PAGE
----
Step one in this process began when I moved in with Bob, a Christian brother.
Bob was used to lounging in his underwear. When I asked him not to, in consideration of my "problem", his retort was unmerciful.
"If you sweep this problem under the carpet, you'll only be avoiding it, not facing it," he said.
It was a tough pill to swallow. Bob explained that it was natural for a guy to look at another and even to notice and admire his physique, but the looking had to stop there. If sexual arousal or thoughts of sex were not entertained then sin had not entered the picture. I was beginning to learn.
Step two came when I went away to Bible School. My first roommate was a six-foot cowboy from Texas who looked just like a hustler (a male prostitute).
"Oh, God, why me?" I thought.
In his spare time, he worked on a suntan and chose me to be the judge of whether he was succeeding or not. Each evening before we got into our beds, he would turn down the waistband of his underwear and ask me to compare the tanned with the un-tanned areas.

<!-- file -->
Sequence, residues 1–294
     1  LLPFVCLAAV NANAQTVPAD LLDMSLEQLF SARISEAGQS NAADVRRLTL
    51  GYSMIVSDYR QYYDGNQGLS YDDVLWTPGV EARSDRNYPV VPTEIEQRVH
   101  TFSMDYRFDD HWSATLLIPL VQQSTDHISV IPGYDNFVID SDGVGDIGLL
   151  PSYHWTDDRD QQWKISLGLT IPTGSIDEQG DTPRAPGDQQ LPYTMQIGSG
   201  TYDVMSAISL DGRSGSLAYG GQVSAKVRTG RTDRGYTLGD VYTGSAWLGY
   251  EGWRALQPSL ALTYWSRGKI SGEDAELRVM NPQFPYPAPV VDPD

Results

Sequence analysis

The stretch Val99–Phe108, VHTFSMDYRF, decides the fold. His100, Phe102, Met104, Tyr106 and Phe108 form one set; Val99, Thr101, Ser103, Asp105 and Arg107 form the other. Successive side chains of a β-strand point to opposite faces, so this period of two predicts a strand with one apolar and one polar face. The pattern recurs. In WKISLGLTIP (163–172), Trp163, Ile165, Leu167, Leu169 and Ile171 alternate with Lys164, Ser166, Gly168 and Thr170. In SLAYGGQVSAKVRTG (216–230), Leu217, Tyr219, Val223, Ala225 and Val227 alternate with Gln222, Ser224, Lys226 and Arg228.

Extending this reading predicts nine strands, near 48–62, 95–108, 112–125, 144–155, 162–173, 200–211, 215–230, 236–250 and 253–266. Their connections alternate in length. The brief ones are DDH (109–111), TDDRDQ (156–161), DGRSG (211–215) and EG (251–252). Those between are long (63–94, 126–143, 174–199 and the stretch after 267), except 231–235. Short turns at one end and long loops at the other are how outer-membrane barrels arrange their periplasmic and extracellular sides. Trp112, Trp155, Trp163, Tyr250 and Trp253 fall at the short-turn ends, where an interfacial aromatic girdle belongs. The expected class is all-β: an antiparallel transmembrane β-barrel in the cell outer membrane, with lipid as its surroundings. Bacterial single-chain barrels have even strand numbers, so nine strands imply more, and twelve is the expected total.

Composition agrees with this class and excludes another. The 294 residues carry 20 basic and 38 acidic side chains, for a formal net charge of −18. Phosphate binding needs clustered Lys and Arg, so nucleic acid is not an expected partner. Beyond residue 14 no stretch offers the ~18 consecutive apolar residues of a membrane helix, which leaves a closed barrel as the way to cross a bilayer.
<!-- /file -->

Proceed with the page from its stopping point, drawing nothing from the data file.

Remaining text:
Today I can laugh about it; back then I was ready to give up Bible school.
Step three was another six-foot Casanova-type, another roommate at school. Slowly, God was getting through to me. After having a terrible time with temptation, and feeling as though I never was going to overcome, my roommate came through with a real word of wisdom.
"Listen," he said, "I know this is going to sound crazy, but I want you to know that things aren't as bad as they seem. You're condemning yourself, but actually I'm amazed that you do as well as you do. If I were living in a girl's dorm, I would've lost my control long ago. Your past sin is right in front of you every day, and this is the first I've ever seen you have a problem with it. Try to look at it that way."